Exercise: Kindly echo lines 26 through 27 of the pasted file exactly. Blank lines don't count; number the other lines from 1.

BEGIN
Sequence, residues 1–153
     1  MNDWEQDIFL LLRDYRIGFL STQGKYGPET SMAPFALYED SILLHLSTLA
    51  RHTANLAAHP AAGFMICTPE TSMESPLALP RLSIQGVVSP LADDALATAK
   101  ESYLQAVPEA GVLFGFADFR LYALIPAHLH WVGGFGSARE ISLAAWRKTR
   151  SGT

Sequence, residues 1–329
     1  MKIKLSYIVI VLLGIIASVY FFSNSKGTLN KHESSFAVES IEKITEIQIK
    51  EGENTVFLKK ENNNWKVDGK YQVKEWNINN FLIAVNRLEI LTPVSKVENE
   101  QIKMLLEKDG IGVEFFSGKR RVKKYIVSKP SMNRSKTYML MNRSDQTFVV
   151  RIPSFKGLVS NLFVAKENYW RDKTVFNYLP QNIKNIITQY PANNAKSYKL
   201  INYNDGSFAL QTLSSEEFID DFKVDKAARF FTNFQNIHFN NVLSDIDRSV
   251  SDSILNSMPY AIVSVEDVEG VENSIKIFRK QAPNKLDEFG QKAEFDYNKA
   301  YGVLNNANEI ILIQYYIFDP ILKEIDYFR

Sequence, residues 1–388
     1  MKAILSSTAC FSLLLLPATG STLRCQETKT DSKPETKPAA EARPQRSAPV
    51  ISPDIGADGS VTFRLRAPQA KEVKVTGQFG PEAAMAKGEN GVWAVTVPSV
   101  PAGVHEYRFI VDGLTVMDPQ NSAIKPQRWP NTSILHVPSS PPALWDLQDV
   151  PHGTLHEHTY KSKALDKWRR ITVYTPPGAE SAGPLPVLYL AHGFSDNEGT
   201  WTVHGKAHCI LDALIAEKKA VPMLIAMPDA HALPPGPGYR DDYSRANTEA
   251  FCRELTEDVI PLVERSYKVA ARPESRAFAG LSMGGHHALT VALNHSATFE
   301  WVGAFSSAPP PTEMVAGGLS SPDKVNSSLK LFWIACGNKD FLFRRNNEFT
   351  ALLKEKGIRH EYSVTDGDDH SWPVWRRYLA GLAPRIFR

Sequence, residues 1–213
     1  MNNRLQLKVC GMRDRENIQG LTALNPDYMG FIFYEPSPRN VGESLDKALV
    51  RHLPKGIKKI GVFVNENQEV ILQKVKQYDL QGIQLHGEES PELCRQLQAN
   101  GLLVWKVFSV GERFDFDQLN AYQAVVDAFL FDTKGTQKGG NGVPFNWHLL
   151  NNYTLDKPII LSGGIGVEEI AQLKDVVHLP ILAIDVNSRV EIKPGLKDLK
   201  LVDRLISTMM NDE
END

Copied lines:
   101  GLLVWKVFSV GERFDFDQLN AYQAVVDAFL FDTKGTQKGG NGVPFNWHLL
   151  NNYTLDKPII LSGGIGVEEI AQLKDVVHLP ILAIDVNSRV EIKPGLKDLK